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Christmas market at Klausen

Sparkling lights

Something magical is happening in the town, which has dressed up for the annual Christmas market. Outlandishly dressed figures roam the alleys here and there, carrying lanterns and hiding their faces with hoods.

Who knows. We quickly forget them as we enter the medieval town of Klausen by the twinkling light of hundreds of candles. What a warm atmosphere on this frosty winter night. The church door opens invitingly wide and we enter a display of historic nativity scenes that remind us why we celebrate this Christmas and, ultimately, why we came to this market.
What a warm atmosphere on this frosty winter night.
South Tyroleans have always been creative nativity scene makers. The one I like best is the one in which Joseph, Mary and the newborn Jesus take refuge in a discarded pot. It is very reminiscent of a stable found in distress. Another nativity scene depicts the then medieval city. I shudder at the sight of it and at the idea of what the cold winters down here on the frigid Eisack river might have been like then.

Outside, in front of the church, the first stalls wait with woolen mittens, the popular felt slippers, fresh sweet or savory doughnuts, and peasant bread from the wood-fired oven. Woodcarver Gerhard Ploner of Gufidaun stands visibly proud among the objects of a busy carving season. A few feet away, Martino Luciano sells reproductions of old photos of South Tyrol. Locals are looking for views of their villages from a century ago.
Many stores in Klausen are open to the public. Buying gifts has never been more enjoyable than here, amidst arts, crafts and delicacies. The first mulled wine is finally served on the church square. A small fire crackles in the fire bowl, where tourists and locals chat while holding their hands over the warming flames. Along with them are three men who look like princes from the Arabian Nights.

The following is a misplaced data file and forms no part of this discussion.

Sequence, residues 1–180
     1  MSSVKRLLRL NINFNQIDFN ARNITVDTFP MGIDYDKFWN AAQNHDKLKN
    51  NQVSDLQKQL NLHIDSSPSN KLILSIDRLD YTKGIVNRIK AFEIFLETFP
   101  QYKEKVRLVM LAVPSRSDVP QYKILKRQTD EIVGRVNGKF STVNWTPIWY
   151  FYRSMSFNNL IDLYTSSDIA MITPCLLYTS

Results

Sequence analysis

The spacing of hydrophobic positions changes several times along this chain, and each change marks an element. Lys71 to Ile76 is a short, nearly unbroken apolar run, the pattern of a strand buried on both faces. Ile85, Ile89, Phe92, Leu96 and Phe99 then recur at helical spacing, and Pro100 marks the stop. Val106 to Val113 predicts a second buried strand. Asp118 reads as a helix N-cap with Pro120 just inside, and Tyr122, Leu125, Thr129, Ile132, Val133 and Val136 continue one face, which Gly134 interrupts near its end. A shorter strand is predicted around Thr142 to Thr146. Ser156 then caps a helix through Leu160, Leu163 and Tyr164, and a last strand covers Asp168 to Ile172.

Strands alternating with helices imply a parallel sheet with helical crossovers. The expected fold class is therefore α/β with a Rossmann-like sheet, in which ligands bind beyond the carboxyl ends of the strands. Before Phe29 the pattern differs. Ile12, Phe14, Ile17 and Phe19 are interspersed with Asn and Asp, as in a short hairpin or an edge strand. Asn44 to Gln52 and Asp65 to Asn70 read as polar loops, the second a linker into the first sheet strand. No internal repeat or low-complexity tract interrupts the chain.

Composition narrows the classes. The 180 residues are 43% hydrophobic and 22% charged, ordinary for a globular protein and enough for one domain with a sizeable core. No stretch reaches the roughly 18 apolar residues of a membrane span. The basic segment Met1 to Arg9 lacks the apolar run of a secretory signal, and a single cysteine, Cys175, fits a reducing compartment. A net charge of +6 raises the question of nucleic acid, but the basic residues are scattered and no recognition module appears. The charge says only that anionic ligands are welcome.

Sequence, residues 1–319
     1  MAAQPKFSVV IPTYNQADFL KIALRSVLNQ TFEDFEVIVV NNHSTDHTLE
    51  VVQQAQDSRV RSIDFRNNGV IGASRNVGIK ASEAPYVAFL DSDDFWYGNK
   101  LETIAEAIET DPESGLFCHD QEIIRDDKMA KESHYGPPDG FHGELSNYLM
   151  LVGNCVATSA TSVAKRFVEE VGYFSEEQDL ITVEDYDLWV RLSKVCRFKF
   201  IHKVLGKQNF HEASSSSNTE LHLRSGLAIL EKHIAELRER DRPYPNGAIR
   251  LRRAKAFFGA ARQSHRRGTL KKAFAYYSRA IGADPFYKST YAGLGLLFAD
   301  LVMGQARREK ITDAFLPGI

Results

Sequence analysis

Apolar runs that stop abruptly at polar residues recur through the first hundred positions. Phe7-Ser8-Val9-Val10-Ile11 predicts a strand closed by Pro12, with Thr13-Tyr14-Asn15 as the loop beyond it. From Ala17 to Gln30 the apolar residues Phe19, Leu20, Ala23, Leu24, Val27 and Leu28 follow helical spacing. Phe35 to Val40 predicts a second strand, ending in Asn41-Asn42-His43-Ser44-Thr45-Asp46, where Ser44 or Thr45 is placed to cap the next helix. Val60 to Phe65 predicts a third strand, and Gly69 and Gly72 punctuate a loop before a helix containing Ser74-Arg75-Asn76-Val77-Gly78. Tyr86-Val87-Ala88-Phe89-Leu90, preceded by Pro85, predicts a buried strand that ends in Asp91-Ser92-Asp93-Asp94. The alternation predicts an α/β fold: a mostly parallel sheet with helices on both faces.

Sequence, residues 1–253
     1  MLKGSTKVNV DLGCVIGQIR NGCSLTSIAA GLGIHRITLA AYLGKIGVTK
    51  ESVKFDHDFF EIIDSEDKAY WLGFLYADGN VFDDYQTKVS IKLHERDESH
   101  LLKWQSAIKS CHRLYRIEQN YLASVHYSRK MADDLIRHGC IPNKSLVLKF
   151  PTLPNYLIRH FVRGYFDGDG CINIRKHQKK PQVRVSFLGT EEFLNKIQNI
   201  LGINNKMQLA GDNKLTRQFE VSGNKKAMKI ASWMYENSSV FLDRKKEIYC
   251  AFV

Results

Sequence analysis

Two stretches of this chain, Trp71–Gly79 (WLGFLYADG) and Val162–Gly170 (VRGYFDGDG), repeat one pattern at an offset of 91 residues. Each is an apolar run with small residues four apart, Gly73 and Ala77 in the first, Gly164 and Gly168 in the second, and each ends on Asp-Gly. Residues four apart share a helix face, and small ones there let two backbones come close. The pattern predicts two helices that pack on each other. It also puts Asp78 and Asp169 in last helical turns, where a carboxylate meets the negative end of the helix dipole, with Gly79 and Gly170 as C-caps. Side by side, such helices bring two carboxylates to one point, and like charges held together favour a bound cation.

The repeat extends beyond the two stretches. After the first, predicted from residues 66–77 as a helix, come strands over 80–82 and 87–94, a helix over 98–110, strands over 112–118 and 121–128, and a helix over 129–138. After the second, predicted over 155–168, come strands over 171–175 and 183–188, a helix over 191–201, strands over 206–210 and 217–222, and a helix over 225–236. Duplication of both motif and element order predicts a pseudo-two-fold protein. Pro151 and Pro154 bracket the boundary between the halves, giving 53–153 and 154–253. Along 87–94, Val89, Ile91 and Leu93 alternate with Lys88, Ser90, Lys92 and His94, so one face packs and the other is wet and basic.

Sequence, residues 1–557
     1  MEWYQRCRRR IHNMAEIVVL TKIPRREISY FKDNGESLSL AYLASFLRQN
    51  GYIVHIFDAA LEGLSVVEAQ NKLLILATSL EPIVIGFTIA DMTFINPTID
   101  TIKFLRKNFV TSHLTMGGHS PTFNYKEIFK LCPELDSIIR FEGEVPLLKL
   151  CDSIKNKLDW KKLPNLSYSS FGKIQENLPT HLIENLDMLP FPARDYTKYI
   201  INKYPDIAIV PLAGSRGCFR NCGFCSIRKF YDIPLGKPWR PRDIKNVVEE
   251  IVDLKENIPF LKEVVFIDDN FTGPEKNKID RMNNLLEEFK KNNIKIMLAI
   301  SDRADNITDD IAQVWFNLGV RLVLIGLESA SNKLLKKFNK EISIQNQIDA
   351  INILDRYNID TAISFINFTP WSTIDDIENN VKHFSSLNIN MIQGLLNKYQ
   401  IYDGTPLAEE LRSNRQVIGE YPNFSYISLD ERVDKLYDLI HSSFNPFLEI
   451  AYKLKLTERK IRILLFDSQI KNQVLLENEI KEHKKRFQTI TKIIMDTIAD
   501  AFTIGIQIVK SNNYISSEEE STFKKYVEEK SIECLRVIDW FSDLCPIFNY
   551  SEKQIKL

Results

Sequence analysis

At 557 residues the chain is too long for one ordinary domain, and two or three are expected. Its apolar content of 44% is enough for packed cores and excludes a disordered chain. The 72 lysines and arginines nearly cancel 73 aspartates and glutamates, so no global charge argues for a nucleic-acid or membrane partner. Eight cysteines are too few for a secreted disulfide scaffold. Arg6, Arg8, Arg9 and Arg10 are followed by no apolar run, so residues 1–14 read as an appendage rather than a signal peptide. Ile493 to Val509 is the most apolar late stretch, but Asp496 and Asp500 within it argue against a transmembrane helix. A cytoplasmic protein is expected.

Tinne Square is the center of the Christmas market and a place of treats. Chocolate and roasted almond fruit skewers, mulled wine, apple brulé, sweet dumplings, and herb specialties are available here-everything the heart and palate desire.
Klausen, which with each step is transformed more and more into the Bethlehem of December 24 more than 2,000 years ago.
Visitors to the Christmas market suddenly gather around a couple with a donkey. They are Joseph and Mary. Mary is in an advanced state of pregnancy, as is the donkey they have with them. Together with them, we walk through Klausen, which with each step is transformed more and more into the Bethlehem of December 24 more than 2,000 years ago. We go from door to door, are turned away, freeze with them and eventually, with the help of a beggar, find a barn where Jesus will be born. The small barn is transformed into a living nativity scene. Hooded figures stand guard as shepherds at the door, while the princes turn out to be kings, who create a true Christmas atmosphere with their three-voice singing.

Text: Sylvia Pollex
Photos: Thomas Rötting, Tiberio Sorvillo, Koni Studios
Publication: 2022
Mary and Joseph